From a methodological sense, Hill doesn’t quite clarify his selection methodology sans mentioning a few criteria. Unless the reader researches the author, there is little specific information on why each project was chosen. Taking “100 Years, 100 Landscape Designs” for what it is: a compilation of beautiful and useful projects that span a century of constants and change. As mentioned above, Hill outlines his selection criteria and defines landscape design in the book’s introduction. There is no reference to the actual selection of each project other than the authors love for the project. Prior to diving into both the selection and the definition, Hill very succinctly states his interest “veers” more to the modern side of design, especially noted in his previous book “100 Years, 100 Buildings,” but also this book shows a wider range of projects - traditional to modern and all in between. While it would be more confirming to know why each project was selected, the history and stories attached to each project suffice.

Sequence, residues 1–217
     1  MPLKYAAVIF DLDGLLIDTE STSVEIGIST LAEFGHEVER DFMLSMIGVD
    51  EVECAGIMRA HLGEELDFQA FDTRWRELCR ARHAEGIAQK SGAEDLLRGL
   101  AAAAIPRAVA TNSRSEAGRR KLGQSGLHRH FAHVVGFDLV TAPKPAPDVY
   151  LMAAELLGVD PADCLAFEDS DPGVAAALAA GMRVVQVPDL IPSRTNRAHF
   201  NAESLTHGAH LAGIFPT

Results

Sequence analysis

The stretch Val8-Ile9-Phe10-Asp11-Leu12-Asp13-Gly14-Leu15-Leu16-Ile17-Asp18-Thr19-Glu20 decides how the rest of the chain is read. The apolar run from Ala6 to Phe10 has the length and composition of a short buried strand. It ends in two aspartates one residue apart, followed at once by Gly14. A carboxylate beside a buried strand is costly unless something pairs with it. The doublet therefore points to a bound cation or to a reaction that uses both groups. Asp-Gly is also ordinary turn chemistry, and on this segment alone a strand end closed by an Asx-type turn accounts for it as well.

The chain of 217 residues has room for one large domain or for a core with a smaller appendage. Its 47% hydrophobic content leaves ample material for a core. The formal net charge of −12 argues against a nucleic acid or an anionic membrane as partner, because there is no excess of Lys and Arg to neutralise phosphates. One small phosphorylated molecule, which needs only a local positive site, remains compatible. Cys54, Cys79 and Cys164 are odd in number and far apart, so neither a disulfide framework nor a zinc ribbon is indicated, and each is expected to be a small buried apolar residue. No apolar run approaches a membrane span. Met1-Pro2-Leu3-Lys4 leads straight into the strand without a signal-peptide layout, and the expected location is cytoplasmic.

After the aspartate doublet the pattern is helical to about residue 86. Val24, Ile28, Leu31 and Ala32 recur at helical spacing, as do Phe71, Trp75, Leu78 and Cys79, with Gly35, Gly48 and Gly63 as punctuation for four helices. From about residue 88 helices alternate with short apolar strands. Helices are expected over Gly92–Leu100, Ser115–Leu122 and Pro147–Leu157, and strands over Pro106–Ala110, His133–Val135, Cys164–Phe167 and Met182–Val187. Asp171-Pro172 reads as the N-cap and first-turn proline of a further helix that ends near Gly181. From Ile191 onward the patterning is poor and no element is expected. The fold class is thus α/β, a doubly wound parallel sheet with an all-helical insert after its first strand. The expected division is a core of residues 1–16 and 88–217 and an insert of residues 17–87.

As a student studying landscape architecture and urban planning, but also a designer and writer, this book is a crash course of a few intriguing precedents. Landscape design is tricky wording, but also sufficient for this book. While I follow more in tune with landscape architecture, landscape design is a merging of landscape architecture and garden design. Landscape design is very broad, yet the inclusion of both gardens and mostly public space made this book very appealing to learn about a broad variety of landscape designs. Truthfully, there could be two books - more complex, greater-than-the-plants landscapes and traditional to modern gardens. I hesitate, but I also firmly believe so much is left out when the two ‘typologies’ are combined. While I hesitate with the terminology of landscape design, I look with awe at almost, if not all, 100 projects Hill showcases.
Which projects piques your interest the most? Why? Do you know a landscape that is missing from this book? Which of these projects makes you most excited about the future of landscape design? Share your thoughts and your stories in the comments area below.